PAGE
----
About the MDP Program

An Interdisciplinary Approach to Global Challenges 

Social injustice, economic inequality, climate change and environmental degradation pose significant obstacles to achieving sustainable development across the globe. The MDP program at Arizona gives students the unique opportunity to engage with these issues internationally and along the U.S./Mexico borderlands (see local engagement).  

We bring together talented students and faculty dedicated to addressing these global challenges and developing new approaches that improve the well-being of the under-resourced and socially excluded. Our holistic, and social justice-oriented approach gives students a chance to learn about natural resources management, climate change adaption and mitigation, new models of agricultural production, health services for marginalized communities and monitoring and evaluation techniques.  

What Makes an MDP Student? 

As a practice-based professional degree program, we welcome students interested in gaining interdisciplinary skills and perspective into the field of international and community development. We also seek students with professional experience who wish to hone their analytical and managerial skills, technical abilities and practice.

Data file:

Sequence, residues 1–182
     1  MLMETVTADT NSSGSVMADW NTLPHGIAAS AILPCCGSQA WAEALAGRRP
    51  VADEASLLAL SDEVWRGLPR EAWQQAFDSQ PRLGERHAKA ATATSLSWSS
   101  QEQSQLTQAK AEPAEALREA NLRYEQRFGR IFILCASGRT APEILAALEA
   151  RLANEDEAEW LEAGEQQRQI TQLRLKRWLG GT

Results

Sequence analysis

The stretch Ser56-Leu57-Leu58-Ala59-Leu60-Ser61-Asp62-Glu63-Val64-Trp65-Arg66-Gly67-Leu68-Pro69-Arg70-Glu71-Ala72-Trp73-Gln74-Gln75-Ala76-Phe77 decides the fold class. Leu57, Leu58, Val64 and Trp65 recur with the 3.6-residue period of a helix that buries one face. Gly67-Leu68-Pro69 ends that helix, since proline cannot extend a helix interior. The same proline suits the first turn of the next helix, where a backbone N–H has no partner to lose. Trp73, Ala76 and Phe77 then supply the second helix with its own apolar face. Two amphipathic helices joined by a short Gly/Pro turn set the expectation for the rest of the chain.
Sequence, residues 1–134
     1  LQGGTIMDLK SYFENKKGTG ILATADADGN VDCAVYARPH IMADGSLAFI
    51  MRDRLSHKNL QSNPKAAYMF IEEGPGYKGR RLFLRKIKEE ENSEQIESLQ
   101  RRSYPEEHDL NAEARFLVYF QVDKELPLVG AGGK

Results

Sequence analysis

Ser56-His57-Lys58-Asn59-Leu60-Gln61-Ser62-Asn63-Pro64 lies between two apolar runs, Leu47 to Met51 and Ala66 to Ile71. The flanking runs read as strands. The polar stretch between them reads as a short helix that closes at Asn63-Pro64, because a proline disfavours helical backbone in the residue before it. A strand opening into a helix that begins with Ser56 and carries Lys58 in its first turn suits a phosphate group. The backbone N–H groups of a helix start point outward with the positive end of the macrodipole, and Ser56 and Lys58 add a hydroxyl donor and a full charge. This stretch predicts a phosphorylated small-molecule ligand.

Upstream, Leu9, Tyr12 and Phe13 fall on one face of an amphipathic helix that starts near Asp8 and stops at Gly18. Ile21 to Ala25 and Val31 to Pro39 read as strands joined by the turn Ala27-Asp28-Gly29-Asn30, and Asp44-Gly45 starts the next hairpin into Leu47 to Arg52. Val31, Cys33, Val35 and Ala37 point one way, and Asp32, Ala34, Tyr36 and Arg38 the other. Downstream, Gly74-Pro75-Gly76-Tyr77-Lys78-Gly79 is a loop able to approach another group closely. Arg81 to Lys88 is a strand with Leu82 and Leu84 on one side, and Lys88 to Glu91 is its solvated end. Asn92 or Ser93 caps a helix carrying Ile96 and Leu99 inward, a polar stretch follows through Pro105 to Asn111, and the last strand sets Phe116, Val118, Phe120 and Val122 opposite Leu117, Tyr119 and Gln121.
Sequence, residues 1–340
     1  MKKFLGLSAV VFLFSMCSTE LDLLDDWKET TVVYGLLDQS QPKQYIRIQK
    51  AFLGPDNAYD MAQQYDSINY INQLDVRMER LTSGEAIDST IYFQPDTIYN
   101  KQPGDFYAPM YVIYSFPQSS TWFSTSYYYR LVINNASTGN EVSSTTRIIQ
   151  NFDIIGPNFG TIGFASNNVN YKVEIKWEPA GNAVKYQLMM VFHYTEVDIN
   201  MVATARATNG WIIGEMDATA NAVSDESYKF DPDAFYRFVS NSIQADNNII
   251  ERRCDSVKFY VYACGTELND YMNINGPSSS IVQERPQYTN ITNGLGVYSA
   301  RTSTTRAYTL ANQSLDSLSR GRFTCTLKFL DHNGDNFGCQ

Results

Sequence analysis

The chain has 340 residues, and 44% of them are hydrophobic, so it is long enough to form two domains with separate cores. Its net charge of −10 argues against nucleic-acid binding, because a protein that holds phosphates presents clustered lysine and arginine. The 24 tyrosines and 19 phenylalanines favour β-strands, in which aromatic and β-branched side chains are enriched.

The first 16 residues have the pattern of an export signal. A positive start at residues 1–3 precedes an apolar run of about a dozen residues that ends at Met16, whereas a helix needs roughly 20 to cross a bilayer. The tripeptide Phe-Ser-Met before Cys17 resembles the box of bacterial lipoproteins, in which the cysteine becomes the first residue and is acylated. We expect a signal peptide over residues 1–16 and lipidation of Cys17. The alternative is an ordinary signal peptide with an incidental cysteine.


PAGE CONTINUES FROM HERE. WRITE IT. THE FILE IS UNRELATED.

History of the Program

Founded in 2012, we are part of a Global Association of Master’s in Development Practice (MDP) programs (8 in the United States, and another 28 worldwide). These MDP programs emerged from a year-long commission led by the Earth Institute at Columbia University in 2007, with support from the MacArthur Foundation. The commission aimed to reimagine sustainable development practice for the challenges of the twenty-first century. By combining the insights of the social, natural, and health sciences with essential management skills, these MDP programs are preparing a new generation of development practitioners. The University of Arizona program was cofounded and initially led by Prof. Tim Finan and has been directed since 2016 by Prof. Katherine Snyder.